9 Reasons Pitbull Would Make A Serious Political Candidate



Pitbull is one of those rare people in history, like Aristotle, Michelangelo, and Beyoncé, who have achieved one word status. No one needs a second name to know which Pitbull we’re talking about. If he has to run under his given name, however, Armando Christian Pérez might have a problem.


More than any other celebrity today, Pitbull personifies the American dream. While Drake might sing about starting from the bottom, Pitbull actually did (and Drake started at Degrassi). Pitbull was born to Cuban immigrants in Miami at the height of the reign of the Cocaine Cowboys. He was raised by a single mother, who kicked him out at age 16 for dealing drugs. He spent time in foster care. He eventually turned his life around, graduating from public high school “even though he played hooky.” Today, Pitbull is a multimillionaire and American icon domestically and abroad.


Last year, Mr. 305 founded SLAM Charter Middle and High School, a public school in Little Havana for grades 6-12. The aim of the school is to engage students who are interested in sports and develop their leadership. NPR has called him “Mr. Education.” He opened the National Charter School Conference in 2013, eloquently describing the impact teachers had on his success. His contributions to education are laudable and his education policy platform is set.


No matter what you think of his music, everyone can admit that his messages are overwhelmingly positive. Echa Pa’lla, Don’t Stop the Party, International Love; all of his music is uplifting and inclusive. While other artists perpetuate violent and offensive themes, Pitbull is about universalism. His songs are so cosmopolitan that FIFA has chosen him to sing the official 2014 World Cup Song “We Are One (Ole, Ola).” Pitbull has successfully unified people through his music, and can effectively do so in a political role as well. He is, after all, Mr. Worldwide.


For some reason, Pitbull is constantly defending himself against haters. While this might be annoying for someone trying to maintain fame and popularity, it’s a practice that would come in handy as a politician. In 2012, David Thorpe proposed the idea to #exilePitbull by sending him to perform in Kodiak, Alaska as part of a promise to perform at a Wal-Mart. When Kodiak won by a significant margin, Pitbull flew out, signed autographs, seemingly enjoyed himself, and received gifts of bear repellant and a key to the city. He even flew Thorpe out for the concert. Pitbull handled the situation with elegance and class.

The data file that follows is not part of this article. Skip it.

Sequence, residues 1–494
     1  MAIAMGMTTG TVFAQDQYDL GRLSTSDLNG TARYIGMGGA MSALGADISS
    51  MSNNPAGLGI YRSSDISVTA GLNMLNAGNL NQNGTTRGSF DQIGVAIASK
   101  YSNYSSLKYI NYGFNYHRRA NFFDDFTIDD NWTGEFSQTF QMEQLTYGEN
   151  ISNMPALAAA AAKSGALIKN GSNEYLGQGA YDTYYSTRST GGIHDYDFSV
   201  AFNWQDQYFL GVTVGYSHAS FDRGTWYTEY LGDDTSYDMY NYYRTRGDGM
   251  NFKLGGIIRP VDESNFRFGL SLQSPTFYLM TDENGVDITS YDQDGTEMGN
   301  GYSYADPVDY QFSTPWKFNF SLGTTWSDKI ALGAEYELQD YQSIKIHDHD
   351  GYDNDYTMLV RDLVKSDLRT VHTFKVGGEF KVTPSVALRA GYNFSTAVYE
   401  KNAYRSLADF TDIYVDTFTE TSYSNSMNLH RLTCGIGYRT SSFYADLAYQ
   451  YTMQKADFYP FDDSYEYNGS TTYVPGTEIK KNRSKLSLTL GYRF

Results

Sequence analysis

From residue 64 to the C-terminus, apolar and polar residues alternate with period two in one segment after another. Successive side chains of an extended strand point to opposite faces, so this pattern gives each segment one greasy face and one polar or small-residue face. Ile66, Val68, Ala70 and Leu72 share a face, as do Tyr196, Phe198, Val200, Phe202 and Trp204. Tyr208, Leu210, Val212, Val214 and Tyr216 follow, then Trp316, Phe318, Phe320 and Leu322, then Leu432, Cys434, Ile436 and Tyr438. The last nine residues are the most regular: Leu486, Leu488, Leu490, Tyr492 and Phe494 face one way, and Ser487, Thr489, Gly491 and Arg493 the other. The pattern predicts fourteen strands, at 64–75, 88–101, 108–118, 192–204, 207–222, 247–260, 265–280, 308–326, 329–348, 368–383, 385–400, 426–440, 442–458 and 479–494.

When Pitbull was announced to be hosting the American Music Awards, Twitter users exploded with criticisms of having a “non-American” host the show. The tweets, including sentiments like “I’m guessing since Pit Bull is hosting he thinks he can turn this into the Mexican Music Awards” (@dinnie_xo) were simply ridiculous. Pitbull was born in the United States and is, in fact, American. He is also Cuban-American, rather than Mexican. Pitbull didn’t even validate the racism with a response.


Pitbull has experience moderating high-level debates on international policy. For example, when Beyoncé and Jay-Z celebrated their 5-year anniversary in Havana, Cuba, Republicans in Congress were not happy. Ileana Ros-Lehtinen and Mario Diaz-Balart, both Cuban Americans from South Florida, wrote a letter asking OFAC to explain the circumstances under which Jay-Z and Beyoncé received travel visas, considering the half-century old embargo against the communist country. Jay-Z wrote a song called “Open Letter” criticizing the politicians and bragging about “White House clearance” for the trip. It was later explained by the Office of the Treasury that they received a travel visa for “people-to-people” contact with Cubans, involving artistic exchanges.

In this power struggle between music and politics, Pitbull took a diplomatic approach. He wrote a song addressing both sides, referencing the history of Cuban oppression but also siding with the singers, saying “Politicians love to hate you / But then they run away when it’s time to debate you/ Question of the night / Would they have messed with Mr. Carter if he was white?”


More than any other musician, Pitbull has brought attention to the issue of global warming with an album titled, “Global Warming.” He even did an international tour to promote awareness about Global Warming. When discussing the title, Pitbull explained that, like himself, global warming “has been around for a while but now people are paying attention.” Rather than drop the issue between election cycles, Pitbull followed up with his next album, “Global Meltdown,” perhaps a harbinger of things to come.


Unless you live in Miami, you might not be aware that Pitbull owns a significant equity position in the small, but classic Miami Subs Grill. Pitbull used to frequent the restaurant to write songs, joking that it was his office. He partnered with the chain in order to help two Miami brands “grow together.”


The primary reason he should run for office is because, who could resist that voice in a stump speech?